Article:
NCTV Episode 90
Continuing with the series of bitesize health tip videos which can be found here on my YouTube Channel, this episode, includes:-
- What are they?
- Why use them?
- How to use them?
- Where to use them?
- One specific roller designed by an osteopath that is superior to others
If you’d prefer to read the content within, rather than watch the video, then feel free to read the transcript, as follows:-
Hello and welcome to NCTV Episode 90 which is all about Foam Rollers.
I know a lot of my clients use these and some have never heard of them, so this video will aim to shed some light on them and their potential benefits should you feel inclined to try on out.
First of all, the main reason people use them are because they can be a great way to help alleviate muscle tension and improve mobility. But what exactly is a foam roller, and how can you use it effectively?
Essentially, it’s a cylindrical tool made out of foam, typically around 12-36 inches long and 4-6 inches in diameter and they come in a variety of colours and densities, so you can find one that suits your needs.
This one specifically is worth mentioning, it’s a relatively new product on the market that I and many other osteopaths have been really impressed with: it’s called Manta Roller. It’s particularly good as it has unique take on the foam roller that offers a few key benefits over the standard variety.
Firstly, the Manta Roller is ergonomically designed to fit the natural curves of your body, which can help to more effectively target specific muscle groups. It also has a unique textured surface that helps to stimulate blood flow and promote deep tissue massage.
Now, let’s move on to how you can use a foam roller. The basic idea is to use your body weight to apply pressure to specific areas of your muscles, which can help to break up any knots or tight spots. Here are a few techniques to try:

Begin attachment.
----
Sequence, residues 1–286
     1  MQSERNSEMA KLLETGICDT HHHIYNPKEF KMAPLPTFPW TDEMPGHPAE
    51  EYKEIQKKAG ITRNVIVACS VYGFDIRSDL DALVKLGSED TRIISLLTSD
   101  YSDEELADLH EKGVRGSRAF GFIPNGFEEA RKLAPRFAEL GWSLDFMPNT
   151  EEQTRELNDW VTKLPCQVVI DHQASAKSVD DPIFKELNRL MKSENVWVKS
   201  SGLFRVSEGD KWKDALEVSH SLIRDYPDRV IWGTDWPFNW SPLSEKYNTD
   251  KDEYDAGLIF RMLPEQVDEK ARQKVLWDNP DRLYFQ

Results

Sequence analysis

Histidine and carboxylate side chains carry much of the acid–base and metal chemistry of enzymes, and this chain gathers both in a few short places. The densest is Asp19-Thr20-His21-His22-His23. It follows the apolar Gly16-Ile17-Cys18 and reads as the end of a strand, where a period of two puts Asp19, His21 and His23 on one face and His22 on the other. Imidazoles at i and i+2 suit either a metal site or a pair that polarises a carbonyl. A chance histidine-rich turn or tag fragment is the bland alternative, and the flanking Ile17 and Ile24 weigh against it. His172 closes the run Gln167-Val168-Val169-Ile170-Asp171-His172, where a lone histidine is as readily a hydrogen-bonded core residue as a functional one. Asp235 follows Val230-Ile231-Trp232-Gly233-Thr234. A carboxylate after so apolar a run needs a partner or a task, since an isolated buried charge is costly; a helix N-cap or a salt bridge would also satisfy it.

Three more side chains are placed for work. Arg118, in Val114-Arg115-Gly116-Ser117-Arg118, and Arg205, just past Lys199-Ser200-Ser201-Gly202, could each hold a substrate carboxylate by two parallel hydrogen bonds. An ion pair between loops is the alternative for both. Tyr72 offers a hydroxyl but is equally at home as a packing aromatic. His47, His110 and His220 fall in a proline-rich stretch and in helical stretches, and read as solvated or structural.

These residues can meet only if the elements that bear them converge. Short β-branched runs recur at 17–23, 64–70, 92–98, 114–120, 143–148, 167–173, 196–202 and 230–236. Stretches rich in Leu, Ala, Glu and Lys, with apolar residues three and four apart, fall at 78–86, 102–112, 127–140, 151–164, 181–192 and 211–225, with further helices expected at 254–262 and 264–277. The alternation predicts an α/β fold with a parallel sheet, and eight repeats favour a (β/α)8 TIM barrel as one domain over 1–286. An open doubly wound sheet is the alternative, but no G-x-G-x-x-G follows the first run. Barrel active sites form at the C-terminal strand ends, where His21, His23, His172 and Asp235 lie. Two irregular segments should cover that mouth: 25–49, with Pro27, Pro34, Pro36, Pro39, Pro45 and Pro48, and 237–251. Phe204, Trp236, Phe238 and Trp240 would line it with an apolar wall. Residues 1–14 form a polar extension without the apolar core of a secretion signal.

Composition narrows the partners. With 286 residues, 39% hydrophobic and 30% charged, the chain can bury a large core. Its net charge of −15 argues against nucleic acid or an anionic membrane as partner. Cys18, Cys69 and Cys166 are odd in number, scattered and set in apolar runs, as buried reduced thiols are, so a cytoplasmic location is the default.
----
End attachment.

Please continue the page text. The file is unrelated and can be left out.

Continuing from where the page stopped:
Upper back: Lie on your back with the foam roller under your shoulder blades. Gently roll up and down, from the middle of your back to the top of your shoulders. If you feel a particularly tight spot, you can hold the roller there for a few seconds to help release the tension.
IT band: Lie on your side with the foam roller under your outer thigh, just below your hip. Roll up and down from your hip to your knee, focusing on any particularly tight areas. Be careful not to roll over your knee joint, as this can cause discomfort.
Glutes: Sit on the foam roller with your knees bent and your feet flat on the floor. Cross your left ankle over your right knee, and then lean to the left, putting your weight onto your left glute. Roll back and forth, focusing on any tight spots. Then repeat on the other side.
These are just a few examples, but there are countless ways to use a foam roller, such as for your neck & tension headaches, lower back, quadriceps, hamstrings, calf muscles and shin muscles. Just make sure to start slowly and gently, as it can be easy to overdo it and cause more harm than good. You might feel a little sore after your first few foam rolling sessions, but that’s totally normal!
That’s it for today’s bitesize bit to help your health flourish, I hope you found this helpful, if you are interested in one of these, I have a discount code available for my clients to use on request, and if you have any questions, feel free to drop me a line or ask at your next appointment. Thanks for watching, happy foam rolling and I’ll see you again next time, bye bye for now.